Michael Bullock Little Big Man (Self-portrait at 121 years old) 2004, ultracal 30, 45 x 45 x 50 cm.

There have been reports in the media of late covering the celebrations over Michelangelo's David hitting 500 years old. The work is one of a handful of the planet's most recognisable artworks; it quite literally embodies that era when the spirit of humanism, and the sensuality of the human form, wrested the conception of Homo Sapiens from the grip of religion – even if the subject is straight out of the Old Testament. Half a millennium on, where has all this dedication to figuration got us? Well, the show Life is very long at Yarra Sculpture Space might give us a few clues. The catalogue pointed to the challenge of figurative representation as a pursuit, but the thing that seemed to link the work of the artists in this show is the weight of history, of all that making that has gone before. To tackle the task in the spirit of the heroic as of yore is a recipe for kitsch (and I'm talking bad kitsch here). The artists in Life, however, canny graduates of the School of Latter Day Duchamp, are guided by the old wag's irony.

Nick Devlin's peephole dioramas would have done Marcel proud. The viewer, nose pressed to the wall, was treated to tiny scenes of artists at work. These vignettes presuppose an art-literate audience: to enjoy the wit, it helps to know the subjects. Chris Burden, for instance, shows the multi-media artist depicted in the act of having himself shot as an artwork. Jackson Pollock is a reproduction of a scene from a documentary film of the artist, standing on a sheet of glass before the camera and letting fly with the paint. One way or another all of Devlin's pieces refer, implicitly or explicitly, to the role of photography, cinema and video in the way we come to know about art, and its role in art practice and myth-making. In case the viewer missed the point, the end piece on the wall, Automatic self-portrait, consisting of a small flat screen connected to a micro camera, provided the viewer with an image of himself staring at himself.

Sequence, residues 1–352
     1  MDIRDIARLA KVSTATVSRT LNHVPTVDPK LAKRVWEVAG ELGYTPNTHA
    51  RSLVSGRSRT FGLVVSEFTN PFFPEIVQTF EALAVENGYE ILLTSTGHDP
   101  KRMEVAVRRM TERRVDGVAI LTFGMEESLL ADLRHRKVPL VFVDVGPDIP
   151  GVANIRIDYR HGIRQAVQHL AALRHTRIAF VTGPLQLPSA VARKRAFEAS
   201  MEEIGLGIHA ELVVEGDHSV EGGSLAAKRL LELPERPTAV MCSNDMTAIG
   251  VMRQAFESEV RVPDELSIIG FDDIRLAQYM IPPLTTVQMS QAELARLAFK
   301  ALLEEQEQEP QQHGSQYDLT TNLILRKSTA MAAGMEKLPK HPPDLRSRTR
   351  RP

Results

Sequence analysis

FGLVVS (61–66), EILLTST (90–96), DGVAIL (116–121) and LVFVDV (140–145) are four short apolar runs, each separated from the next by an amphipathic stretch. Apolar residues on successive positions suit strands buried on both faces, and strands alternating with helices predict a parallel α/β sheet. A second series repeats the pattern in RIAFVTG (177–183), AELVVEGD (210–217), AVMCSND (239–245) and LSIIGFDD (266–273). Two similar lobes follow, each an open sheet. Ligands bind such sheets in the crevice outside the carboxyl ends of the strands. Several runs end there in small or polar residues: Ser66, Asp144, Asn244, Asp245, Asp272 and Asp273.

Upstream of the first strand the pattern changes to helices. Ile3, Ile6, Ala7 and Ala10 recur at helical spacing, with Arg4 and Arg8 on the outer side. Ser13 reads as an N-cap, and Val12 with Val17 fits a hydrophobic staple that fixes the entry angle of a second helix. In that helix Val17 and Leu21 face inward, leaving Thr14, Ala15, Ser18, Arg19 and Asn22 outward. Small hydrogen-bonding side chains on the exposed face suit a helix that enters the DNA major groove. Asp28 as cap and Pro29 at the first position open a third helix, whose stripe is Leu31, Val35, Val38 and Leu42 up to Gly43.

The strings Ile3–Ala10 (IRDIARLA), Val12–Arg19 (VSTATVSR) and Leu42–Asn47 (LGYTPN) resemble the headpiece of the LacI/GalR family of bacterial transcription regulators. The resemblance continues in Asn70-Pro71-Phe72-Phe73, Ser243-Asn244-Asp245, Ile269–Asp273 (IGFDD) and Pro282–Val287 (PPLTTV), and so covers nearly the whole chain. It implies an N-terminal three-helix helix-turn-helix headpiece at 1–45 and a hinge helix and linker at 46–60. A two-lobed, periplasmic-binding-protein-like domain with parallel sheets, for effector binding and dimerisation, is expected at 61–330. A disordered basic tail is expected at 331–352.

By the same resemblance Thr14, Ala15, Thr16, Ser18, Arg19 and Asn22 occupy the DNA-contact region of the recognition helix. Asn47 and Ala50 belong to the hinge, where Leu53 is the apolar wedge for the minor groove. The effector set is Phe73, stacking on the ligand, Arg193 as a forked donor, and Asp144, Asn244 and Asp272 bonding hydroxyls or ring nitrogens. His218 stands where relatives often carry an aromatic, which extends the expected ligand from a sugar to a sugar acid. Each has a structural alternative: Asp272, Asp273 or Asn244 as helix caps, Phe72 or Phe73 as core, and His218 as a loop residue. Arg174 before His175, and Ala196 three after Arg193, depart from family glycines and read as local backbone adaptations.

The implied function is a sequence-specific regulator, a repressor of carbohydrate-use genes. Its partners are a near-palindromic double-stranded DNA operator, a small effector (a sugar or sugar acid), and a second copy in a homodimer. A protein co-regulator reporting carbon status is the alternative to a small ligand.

Michael Bullock's Little Big Man (a self portrait at 121 years old) offered another view of the self, a bust of the artist transformed into an ancient. The title of the piece is taken from a film of the same name, and Bullock's working method is based on the techniques of the famed make-up artist Dick Smith. The piece also brings to mind the work of Ron Muecke, another sculptor who has refined his skills through work for films and television. Bullock does not appear to be chasing the sort of verisimilitude that Muecke is seeking; rather, a caricature that falls somewhere between being a kind of memento mori and an extra for a George Lucas extravaganza.

Steven Rendall's contribution had the effect of a jumble in the studio, a chaos built from this obsession with self and self-representation. A studied agglomeration of heads of the artist, the work appeared to be on the wrong scale. The light structure supporting the portraits had the look of a rudimentary stage set, or rather a maquette of one. With its faces executed in a loosely posterised, somewhat expressionist technique, with overtones of disintegration, the piece lacks the elegance of other recent works by Rendall, deconstructions of work by old masters. This appears to be deliberate: an attempt to convey, in concrete form, a degree of vertigo and dismay that can lie at the heart of self-investigation.

In marked contrast to Rendall's piece, the small, solitary painting of Jon Jones appeared quite straightforward, almost out of place. The catalogue informs the viewer that the artist's subjects are celebrities of one sort or another. Based on a black and white snapshot, the oil shows a man and child walking along a street. Clothes and cars suggest the original snapshot was taken around the 1930s or 40s. Text on the margins of the oil constitutes a private code of the artist. By this device the piece may be 'read' as one element of an art practice which acts as a form of diary, no doubt therapeutic if somewhat obscure.

The three heads of Justine Khamara also employed photography, but directly, as a plastic medium. Each head is made of a sizable number of photographic prints, each print being a detail of the subject's head. Fixed together, the photos balloon out the form of the skull, the features of the individuals weirdly stretched across this glossy membrane, which by turns has a flaky or scaled appearance. There is something decidedly macabre about these objects: a feeling that they might be right at home with the trophies of a killer with a penchant for flaying his victims. Khamara's hollowing-out of her subjects may be an apt metaphor for this time of Hannibal Lecter: perhaps reality is no more than skin deep.